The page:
Scientists have long been trying to develop an effective protection and cure for malaria - one of the deadliest diseases that affects people in tropical areas, especially children. As the World Health Organization announces plans to begin clinical trials of a promising new vaccine, scientists in South Africa report that they too are at an important threshold. George Putic reports, they are testing a compound that could be a single-dose cure for malaria.
Video

Video 'New York' Magazine Features 35 Cosby Accusers

The latest issue of 'New York' magazine features 35 women who say they were drugged and raped by film and television celebrity Bill Cosby. The women are aged from 44 to 80 and come from different walks of life and races. The magazine interviewed each of them separately, but Zlatica Hoke reports their stories are similar.
Video

Video US Calls Fight Against Human Trafficking a Must Win

The United States is promising not to give up its fight against what Secretary of State John Kerry calls the “scourge” of modern slavery. Officials released the country’s annual human trafficking report Monday – a report that’s being met with some criticism. VOA’s National Security correspondent Jeff Seldin has more from the State Department.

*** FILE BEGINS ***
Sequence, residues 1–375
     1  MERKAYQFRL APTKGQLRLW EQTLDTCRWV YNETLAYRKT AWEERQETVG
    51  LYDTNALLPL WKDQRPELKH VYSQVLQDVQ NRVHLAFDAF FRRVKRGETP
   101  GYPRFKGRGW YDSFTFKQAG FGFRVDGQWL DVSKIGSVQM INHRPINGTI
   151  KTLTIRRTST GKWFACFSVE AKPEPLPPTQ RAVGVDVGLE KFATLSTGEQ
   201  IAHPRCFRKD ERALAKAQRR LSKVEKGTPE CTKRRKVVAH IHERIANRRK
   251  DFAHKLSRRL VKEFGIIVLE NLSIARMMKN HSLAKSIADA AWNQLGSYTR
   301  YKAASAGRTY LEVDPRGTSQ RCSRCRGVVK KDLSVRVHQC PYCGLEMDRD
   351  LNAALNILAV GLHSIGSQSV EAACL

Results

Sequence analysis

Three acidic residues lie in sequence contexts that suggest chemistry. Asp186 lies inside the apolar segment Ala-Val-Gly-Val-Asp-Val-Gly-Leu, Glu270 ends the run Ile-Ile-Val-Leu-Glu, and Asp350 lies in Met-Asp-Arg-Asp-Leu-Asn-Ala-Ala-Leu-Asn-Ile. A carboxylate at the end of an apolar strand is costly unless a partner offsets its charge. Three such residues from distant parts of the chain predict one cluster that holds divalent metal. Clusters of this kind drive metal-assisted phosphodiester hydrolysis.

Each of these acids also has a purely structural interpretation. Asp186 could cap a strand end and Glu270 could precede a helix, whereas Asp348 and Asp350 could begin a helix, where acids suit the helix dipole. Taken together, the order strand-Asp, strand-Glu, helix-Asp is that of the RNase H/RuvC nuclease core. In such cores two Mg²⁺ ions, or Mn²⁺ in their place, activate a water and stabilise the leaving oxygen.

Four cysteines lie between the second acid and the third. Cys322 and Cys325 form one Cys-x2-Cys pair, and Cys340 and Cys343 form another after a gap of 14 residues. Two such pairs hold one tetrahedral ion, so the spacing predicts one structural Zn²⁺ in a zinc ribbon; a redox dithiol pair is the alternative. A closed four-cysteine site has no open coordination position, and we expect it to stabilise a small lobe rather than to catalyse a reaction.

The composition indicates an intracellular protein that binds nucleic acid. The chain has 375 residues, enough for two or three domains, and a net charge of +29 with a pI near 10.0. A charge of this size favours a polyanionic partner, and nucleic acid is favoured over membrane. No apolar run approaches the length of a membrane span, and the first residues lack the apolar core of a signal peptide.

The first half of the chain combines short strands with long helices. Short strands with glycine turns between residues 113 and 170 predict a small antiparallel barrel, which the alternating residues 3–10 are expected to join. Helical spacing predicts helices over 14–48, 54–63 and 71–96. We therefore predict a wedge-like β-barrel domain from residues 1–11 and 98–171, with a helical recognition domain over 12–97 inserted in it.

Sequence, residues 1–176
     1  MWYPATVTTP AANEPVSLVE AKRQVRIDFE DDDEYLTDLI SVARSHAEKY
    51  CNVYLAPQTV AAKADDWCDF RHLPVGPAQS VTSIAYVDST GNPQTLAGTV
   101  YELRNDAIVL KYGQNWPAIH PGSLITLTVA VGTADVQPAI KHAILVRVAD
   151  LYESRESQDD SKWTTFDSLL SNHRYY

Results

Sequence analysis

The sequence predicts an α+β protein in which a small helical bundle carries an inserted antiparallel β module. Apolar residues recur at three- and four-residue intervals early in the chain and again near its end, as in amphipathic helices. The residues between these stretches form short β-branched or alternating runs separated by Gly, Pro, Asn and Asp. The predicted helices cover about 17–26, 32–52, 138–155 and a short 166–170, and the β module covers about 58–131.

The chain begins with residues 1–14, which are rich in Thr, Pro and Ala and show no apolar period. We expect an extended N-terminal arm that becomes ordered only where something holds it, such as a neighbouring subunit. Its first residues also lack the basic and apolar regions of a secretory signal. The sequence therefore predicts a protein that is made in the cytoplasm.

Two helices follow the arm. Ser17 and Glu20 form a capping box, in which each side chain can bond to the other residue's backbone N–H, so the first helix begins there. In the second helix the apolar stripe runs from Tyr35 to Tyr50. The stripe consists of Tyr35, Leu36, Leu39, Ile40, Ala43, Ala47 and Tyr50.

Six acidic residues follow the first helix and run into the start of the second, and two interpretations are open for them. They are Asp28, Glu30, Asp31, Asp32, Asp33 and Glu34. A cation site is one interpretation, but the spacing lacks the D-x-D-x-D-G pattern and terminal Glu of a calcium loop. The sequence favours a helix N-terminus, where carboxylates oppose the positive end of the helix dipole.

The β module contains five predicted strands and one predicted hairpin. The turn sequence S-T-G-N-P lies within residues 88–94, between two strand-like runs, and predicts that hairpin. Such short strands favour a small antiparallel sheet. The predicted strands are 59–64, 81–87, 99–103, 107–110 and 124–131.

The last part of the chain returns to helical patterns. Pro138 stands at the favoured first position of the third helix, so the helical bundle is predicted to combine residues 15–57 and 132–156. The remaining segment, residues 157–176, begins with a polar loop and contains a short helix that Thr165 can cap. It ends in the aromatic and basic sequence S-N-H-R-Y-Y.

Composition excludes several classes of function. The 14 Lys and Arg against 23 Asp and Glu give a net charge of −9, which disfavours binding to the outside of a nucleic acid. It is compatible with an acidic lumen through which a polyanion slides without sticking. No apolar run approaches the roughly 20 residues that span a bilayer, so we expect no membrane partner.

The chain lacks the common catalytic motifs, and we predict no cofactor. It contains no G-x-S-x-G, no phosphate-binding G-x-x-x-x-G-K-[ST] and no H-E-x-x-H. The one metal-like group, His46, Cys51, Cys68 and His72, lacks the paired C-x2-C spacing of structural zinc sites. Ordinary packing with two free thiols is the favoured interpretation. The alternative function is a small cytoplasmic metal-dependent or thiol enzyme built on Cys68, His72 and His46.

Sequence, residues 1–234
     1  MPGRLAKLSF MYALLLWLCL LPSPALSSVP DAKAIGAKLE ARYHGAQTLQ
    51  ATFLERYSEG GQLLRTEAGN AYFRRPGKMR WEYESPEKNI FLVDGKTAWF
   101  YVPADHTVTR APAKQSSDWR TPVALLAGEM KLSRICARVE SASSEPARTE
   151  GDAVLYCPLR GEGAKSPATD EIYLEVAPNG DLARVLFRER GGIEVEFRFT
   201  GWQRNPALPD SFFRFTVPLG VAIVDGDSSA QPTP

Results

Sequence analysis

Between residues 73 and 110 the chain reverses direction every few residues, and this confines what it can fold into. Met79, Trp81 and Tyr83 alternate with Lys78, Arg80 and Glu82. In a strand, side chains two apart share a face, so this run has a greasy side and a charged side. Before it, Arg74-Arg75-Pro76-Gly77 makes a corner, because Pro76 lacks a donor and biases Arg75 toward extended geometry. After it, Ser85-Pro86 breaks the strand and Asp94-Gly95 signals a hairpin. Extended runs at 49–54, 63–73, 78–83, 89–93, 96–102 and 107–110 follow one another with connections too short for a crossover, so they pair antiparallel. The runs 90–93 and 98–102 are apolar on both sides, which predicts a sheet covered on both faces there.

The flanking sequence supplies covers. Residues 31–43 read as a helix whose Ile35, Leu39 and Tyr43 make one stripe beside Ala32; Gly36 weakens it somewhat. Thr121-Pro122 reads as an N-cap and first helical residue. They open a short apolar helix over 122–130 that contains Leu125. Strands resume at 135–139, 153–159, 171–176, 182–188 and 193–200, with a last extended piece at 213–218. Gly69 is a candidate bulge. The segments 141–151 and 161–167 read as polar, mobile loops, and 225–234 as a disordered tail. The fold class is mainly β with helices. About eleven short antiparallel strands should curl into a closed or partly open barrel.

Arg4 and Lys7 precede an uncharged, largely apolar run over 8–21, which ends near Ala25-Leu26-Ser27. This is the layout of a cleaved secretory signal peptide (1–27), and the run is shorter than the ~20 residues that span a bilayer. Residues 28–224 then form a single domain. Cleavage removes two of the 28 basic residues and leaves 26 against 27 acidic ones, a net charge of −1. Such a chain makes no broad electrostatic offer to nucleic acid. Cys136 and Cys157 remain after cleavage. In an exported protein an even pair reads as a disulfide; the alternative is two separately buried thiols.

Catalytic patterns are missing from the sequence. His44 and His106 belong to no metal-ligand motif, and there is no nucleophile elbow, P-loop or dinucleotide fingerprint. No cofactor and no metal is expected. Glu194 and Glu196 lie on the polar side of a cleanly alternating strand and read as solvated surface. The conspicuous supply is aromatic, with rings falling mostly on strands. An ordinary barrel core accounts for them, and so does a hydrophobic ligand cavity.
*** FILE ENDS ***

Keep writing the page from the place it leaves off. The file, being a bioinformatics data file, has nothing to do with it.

Video

Video Washington DC Underground Streetcar Station to Become Arts Venue

Abandoned more than 50 years ago, the underground streetcar station in Washington D.C.’s historic DuPont Circle district is about to be reborn. The plan calls for turning the spacious underground platforms - once meant to be a transportation hub, - into a unique space for art exhibitions, presentations, concerts and even a film set. Roman Mamonov has more from beneath the streets of the U.S. capital. Joy Wagner narrates his report.
Video

Video Europe’s Twin Crises Collide in Greece as Migrant Numbers Soar